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Justin M. Morton, Associated Press
A sign of interlocking guitars marks the famed blues "Crossroads" in Clarksdale, Miss., the mythical place where aspiring musicians sold their soul to the Devil in exchange for musical prowess.

MORGAN CITY, Miss. — Legendary bluesman Robert Johnson's death has been linked to a jealous husband, the supernatural and pneumonia. So it's unsurprising that there are three separate graves bearing his name in the rural Mississippi Delta. I'm looking for one of those graves now during a drive through towns like Greenwood and Itta Benna.

I eventually find the monument at the Mount Zion Missionary Baptist Church on a desolate stretch of road. The text on one side of the grave, taken from a famous Johnson blues number, reads: "You may bury my body by the highway side." A photo of Johnson — one of two known to exist — shows the guitarist with pensive face cradling a guitar.

The attention would probably astound Johnson, a traveling musician who only recorded twice and didn't live to see his 30th birthday. Johnson's graves were among numerous sites I visited on a road trip through rural Mississippi to visit the birthplace of the blues.

I arrive in Clarksdale after a daylong drive through Oklahoma and Arkansas, passing the famed "Crossroads" of blues legend as I enter town. The Crossroads have a special place in blues mythology as the location where aspiring musicians sold their soul to the Devil in exchange for musical prowess. A bluesman could wait at a crossroads at dark for the Devil, who would take the musician's guitar, tune it, and hand it back. The musicians could then play any song they wanted.

When blues artists referred to the crossroads, they were likely talking about any number of backroads intersections, but the story has stuck to the intersection of Highways 61 and 49 in Clarksdale.

The story is usually associated with Robert Johnson, who hints at the diabolical on songs like "Hellhound on My Trail." But the myth of a Crossroads deal would be better attached to guitarist Tommy Johnson, who boasted about a backroads pact with a shadowy apparition. The Crossroads don't seem as menacing now with a kitschy sign of interlocking guitars marking the spot. But they are a sign that what matters here is the music — and your ability to play it well.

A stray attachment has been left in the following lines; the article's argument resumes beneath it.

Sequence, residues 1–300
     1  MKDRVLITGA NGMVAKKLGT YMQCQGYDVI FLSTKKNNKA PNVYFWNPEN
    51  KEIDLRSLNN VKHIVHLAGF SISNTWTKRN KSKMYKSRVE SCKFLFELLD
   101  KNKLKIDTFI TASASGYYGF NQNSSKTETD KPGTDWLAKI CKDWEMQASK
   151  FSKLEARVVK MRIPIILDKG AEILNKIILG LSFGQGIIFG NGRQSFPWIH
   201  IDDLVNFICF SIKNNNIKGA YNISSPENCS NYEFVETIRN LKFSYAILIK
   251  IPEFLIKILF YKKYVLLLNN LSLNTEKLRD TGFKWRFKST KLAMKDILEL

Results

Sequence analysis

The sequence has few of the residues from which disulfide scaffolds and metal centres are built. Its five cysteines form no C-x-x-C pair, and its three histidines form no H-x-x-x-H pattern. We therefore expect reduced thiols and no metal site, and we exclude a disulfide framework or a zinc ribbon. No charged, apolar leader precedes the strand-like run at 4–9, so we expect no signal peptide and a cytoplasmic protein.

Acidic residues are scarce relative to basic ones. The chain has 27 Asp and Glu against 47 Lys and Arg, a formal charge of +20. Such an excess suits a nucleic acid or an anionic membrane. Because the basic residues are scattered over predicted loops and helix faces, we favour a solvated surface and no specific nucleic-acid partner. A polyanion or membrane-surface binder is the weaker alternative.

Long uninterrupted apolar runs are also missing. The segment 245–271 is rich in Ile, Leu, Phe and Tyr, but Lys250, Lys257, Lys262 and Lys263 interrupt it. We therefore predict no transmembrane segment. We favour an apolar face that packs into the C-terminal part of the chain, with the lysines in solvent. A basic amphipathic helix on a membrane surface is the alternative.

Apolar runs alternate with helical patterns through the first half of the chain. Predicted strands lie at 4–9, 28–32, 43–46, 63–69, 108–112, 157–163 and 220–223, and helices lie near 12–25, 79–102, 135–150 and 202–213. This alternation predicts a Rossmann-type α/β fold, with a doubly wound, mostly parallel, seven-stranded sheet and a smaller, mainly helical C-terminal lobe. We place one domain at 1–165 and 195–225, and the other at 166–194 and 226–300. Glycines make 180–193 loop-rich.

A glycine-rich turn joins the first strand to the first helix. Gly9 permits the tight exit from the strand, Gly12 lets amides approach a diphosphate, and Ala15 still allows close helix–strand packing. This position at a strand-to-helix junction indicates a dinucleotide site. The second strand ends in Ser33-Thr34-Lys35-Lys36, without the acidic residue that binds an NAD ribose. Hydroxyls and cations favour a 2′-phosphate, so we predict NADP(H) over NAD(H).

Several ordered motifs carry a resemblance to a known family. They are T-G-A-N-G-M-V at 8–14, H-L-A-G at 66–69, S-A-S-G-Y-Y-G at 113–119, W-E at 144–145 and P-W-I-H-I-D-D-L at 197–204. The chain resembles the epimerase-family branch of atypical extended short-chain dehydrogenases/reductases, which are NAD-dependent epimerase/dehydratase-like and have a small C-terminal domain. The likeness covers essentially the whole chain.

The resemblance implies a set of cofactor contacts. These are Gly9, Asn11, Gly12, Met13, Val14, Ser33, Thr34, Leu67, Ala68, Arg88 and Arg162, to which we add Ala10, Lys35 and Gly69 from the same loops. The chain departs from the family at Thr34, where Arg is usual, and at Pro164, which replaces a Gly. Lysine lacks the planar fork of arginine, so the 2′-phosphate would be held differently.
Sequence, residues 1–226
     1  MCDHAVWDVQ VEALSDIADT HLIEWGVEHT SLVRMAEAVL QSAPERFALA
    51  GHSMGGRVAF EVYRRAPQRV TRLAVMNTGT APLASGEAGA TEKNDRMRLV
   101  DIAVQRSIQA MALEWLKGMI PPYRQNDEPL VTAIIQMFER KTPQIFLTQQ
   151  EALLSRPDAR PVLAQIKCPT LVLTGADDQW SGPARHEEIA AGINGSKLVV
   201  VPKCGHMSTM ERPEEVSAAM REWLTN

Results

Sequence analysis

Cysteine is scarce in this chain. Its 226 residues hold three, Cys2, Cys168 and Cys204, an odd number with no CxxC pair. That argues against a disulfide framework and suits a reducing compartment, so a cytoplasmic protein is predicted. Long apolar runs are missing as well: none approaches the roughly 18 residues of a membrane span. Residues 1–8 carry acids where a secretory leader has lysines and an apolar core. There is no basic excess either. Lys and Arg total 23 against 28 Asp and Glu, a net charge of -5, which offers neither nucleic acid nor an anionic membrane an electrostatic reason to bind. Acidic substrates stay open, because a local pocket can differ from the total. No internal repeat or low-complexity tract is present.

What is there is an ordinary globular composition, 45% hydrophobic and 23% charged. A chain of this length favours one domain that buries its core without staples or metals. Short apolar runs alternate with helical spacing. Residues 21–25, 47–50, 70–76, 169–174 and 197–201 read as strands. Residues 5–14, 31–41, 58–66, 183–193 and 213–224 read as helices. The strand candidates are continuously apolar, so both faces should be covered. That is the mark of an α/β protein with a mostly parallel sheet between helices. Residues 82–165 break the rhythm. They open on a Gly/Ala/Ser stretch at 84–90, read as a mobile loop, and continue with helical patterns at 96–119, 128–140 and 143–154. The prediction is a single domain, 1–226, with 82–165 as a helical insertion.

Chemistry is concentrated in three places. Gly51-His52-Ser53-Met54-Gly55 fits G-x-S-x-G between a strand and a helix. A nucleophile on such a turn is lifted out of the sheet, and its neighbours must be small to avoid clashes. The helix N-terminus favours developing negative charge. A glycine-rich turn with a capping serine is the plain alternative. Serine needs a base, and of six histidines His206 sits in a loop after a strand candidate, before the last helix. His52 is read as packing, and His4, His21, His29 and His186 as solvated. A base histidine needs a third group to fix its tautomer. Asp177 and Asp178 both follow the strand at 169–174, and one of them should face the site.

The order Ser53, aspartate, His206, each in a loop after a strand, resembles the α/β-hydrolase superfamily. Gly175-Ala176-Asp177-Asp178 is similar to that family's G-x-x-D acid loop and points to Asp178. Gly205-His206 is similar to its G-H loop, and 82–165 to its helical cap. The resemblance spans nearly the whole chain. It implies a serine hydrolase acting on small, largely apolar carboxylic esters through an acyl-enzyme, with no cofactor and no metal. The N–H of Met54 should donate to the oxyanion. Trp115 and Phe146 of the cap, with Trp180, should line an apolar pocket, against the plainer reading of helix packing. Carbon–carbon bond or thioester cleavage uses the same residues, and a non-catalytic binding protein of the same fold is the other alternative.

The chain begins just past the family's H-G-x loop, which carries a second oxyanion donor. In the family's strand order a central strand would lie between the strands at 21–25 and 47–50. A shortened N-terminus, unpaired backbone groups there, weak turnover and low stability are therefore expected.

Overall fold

After a quick stop at my hotel, I drive to Hicks' Variety Foods, a famed Delta eatery where the clientele has included presidents and foreign leaders. Hicks serves scrumptious ribs and fried catfish but is perhaps best known for tamales. I order a half-dozen tamales and sides of baked beans and coleslaw.

I then head to Ground Zero, a blues club owned by actor Morgan Freeman and his business partners. The club, with beat-up sofas on the front porch and graffiti and old blues posters adorning the walls inside, is named "Ground Zero" because Clarksdale is "ground for the birthplace of blues music." It aims to re-create the feeling of an authentic juke joint, although it is probably a bit more upscale than traditional jukes. On this Saturday night, Little Howlin' Wolf belts blues classics like "Spoonful" and "Bright Lights Big City" in a gravely voice, backed by an ace harmonica player and band.

My room for the night is a renovated sharecropper's cabin at the Shack-Up Inn at the old Hopson Plantation. The inside of the "Cadillac Shack" is covered with old blues posters and memorabilia.

Sunday starts with an early lunch at Abe's Barbeque at the Crossroads, where I eat a pulled pork sandwich with coleslaw. Over lunch, I locate all three of Robert Johnson's graves with the help of "Blues Traveling," an excellent guidebook to blues sites by Steve Cheseborough. My stops include a memorial at the Little Zion church outside of Greenwood, which most experts now consider Johnson's most likely burial site.

In Tutwiler, a once-thriving town with numerous abandoned storefronts, I find a large mural near the old train depot that points visitors to the gravesite of Aleck "Sonny Boy" Williamson, one of the most influential harmonica players of all time. The site where composer W.C. Handy heard a musician playing "Goin' Where the Southern Crosses the Dog" — a moment that inspired him to record the blues — is also located in Tutwiler. Sonny Boy's grave is tucked back among miles of fields and in a burial site crammed with handmade grave markers. Two harmonicas and a half-bottle of gin sit on the gravestone — a fitting tribute to the musician who recorded "Fattening Frogs for Snakes" and "Your Funeral My Trial."

I start off Monday at the Delta Blues museum in downtown Clarksdale. The collection includes one of B.B. King's "Lucille" guitars, a harmonica played by Charlie Musselwhite and Mississippi Fred McDowell's gravestone.

I then drive to Dockery Farms, outside of Cleveland, which once employed Charley Patton. Patton was a sharecropper, now known as "King of the Delta Blues singers," who influenced virtually every Mississippi bluesman after him and recorded standards like "High Water Everywhere." Legend has it that you can hear ghostly voices and guitars if strum your guitar near the Dockery site at night.

My final day in the Delta, I take another drive to Indianola, best known as B.B. King's birthplace, and then visit the Highway 61 Blues Museum in Leland, crammed with blues artifacts like a pair of rare Charley Patton 78s in a glass display case. To close the day, I visit Patton's grave in nearby Holly Ridge.

I spend my final evening in Mississippi on the porch of my cabin, listening to a Son House CD and wondering what it was like here not even a century ago.